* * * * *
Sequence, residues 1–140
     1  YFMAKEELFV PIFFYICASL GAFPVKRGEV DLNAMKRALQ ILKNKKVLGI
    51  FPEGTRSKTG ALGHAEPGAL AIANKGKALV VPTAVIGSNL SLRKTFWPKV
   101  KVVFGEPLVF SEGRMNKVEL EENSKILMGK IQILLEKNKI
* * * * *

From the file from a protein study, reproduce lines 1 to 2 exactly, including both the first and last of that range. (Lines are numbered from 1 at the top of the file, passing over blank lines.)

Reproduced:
Sequence, residues 1–140
     1  YFMAKEELFV PIFFYICASL GAFPVKRGEV DLNAMKRALQ ILKNKKVLGI